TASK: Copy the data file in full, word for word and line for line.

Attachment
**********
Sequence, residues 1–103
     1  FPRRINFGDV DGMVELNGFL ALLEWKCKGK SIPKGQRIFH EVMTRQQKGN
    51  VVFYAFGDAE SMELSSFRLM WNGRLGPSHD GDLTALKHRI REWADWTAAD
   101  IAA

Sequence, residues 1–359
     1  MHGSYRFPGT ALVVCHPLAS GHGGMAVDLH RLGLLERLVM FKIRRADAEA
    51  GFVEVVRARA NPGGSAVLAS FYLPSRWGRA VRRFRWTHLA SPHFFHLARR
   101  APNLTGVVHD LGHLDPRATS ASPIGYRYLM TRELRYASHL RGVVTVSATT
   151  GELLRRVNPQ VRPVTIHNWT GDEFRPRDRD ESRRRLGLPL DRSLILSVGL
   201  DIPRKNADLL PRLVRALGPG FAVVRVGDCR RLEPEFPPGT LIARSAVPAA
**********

Sequence, residues 1–103
     1  FPRRINFGDV DGMVELNGFL ALLEWKCKGK SIPKGQRIFH EVMTRQQKGN
    51  VVFYAFGDAE SMELSSFRLM WNGRLGPSHD GDLTALKHRI REWADWTAAD
   101  IAA

Sequence, residues 1–359
     1  MHGSYRFPGT ALVVCHPLAS GHGGMAVDLH RLGLLERLVM FKIRRADAEA
    51  GFVEVVRARA NPGGSAVLAS FYLPSRWGRA VRRFRWTHLA SPHFFHLARR
   101  APNLTGVVHD LGHLDPRATS ASPIGYRYLM TRELRYASHL RGVVTVSATT
   151  GELLRRVNPQ VRPVTIHNWT GDEFRPRDRD ESRRRLGLPL DRSLILSVGL
   201  DIPRKNADLL PRLVRALGPG FAVVRVGDCR RLEPEFPPGT LIARSAVPAA